07/16/10 11:18:30 AM LogName=Security SourceName=Microsoft Windows security auditing. EventCode=4624 EventType=0 Type=Information ComputerName=HIDDEN TaskCategory=Logon OpCode=Info RecordNumber=6039 Keywords=Audit Success Message=An account was successfully logged on. .... This event is generated when a logon session is created. It is generated on the computer that was accessed. The subject fields indicate the account on the local system which requested the logon. This is most commonly a service such as the Server service, or a local process such as Winlogon.exe or Services.exe. The logon type field indicates the kind of logon that occurred. The most common types are 2 (interactive) and 3 (network). The New Logon fields indicate the account for whom the new logon was created, i.e. the account that was logged on. The network fields indicate where a remote logon request originated. Workstation name is not always available and may be left blank in some cases. The authentication information fields provide detailed information about this specific logon request. - Logon GUID is a unique identifier that can be used to correlate this event with a KDC event. - Transited services indicate which intermediate services have participated in this logon request. - Package name indicates which sub-protocol was used among the NTLM protocols. - Key length indicates the length of the generated session key. This will be 0 if no session key was requested.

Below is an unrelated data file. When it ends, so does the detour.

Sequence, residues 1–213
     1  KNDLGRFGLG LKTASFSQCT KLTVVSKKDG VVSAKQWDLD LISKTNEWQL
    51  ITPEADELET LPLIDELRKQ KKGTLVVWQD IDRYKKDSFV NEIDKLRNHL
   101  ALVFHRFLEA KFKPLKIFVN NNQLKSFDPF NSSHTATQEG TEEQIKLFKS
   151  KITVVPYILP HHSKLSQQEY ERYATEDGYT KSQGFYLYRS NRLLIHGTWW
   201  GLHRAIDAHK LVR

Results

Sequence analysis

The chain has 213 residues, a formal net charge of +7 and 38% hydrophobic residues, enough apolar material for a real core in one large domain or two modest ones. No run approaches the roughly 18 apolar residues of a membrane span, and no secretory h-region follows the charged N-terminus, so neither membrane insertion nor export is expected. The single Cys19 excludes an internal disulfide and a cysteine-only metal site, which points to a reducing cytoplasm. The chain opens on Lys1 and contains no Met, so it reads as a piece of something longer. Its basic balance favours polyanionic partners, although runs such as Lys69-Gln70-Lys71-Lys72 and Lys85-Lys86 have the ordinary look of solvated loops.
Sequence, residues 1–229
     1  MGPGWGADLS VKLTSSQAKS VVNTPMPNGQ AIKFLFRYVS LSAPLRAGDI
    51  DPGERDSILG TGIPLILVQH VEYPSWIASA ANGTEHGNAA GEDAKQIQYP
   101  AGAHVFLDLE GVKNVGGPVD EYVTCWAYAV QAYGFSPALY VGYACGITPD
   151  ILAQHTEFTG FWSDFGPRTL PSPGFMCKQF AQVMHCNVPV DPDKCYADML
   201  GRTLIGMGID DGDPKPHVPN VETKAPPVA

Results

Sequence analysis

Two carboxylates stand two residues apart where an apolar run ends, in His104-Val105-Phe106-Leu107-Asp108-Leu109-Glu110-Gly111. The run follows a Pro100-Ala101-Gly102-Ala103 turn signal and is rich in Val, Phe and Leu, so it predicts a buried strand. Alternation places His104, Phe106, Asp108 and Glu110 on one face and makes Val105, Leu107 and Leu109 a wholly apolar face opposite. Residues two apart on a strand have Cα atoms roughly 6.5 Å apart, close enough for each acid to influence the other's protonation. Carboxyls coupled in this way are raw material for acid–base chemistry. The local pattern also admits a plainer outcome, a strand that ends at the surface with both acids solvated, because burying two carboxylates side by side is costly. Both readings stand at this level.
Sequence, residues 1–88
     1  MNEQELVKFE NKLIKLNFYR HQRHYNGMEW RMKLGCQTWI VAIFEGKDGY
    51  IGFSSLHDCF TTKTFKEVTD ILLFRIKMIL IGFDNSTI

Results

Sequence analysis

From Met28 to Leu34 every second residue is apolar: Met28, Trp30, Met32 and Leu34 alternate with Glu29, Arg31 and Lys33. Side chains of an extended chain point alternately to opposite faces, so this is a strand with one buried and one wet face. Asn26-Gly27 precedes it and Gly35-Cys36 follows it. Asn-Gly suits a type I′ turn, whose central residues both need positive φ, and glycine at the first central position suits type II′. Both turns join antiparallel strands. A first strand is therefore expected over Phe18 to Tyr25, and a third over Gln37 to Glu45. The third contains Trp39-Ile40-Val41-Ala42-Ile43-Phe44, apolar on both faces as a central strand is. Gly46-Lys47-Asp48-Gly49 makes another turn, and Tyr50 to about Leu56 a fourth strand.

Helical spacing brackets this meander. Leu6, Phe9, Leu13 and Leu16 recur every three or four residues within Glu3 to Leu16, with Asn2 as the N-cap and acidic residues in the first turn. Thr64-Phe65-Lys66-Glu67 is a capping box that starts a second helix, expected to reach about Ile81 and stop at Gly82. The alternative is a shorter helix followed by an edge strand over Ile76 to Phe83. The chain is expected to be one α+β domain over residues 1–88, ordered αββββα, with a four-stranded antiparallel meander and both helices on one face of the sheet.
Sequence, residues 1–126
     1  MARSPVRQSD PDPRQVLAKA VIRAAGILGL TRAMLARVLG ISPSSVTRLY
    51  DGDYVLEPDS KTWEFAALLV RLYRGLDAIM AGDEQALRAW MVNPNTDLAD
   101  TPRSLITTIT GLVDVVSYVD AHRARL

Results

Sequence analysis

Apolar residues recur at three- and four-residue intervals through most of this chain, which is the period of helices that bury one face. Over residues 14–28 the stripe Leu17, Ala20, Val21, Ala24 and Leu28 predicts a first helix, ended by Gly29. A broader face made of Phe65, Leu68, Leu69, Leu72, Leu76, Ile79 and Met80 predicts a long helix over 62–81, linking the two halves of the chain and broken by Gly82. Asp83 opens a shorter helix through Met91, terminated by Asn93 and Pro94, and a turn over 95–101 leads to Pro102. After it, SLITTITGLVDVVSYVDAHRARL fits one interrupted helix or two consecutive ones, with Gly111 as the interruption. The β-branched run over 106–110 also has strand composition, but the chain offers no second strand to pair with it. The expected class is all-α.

In the last event there is more than 1k of static text, and many many terms I don't necessarily want indexed. That can add up quickly.
I know that a transformer could be used to clean this up, but I don't want to strip off a legitimate message by accident. In the two examples shown, they both start with "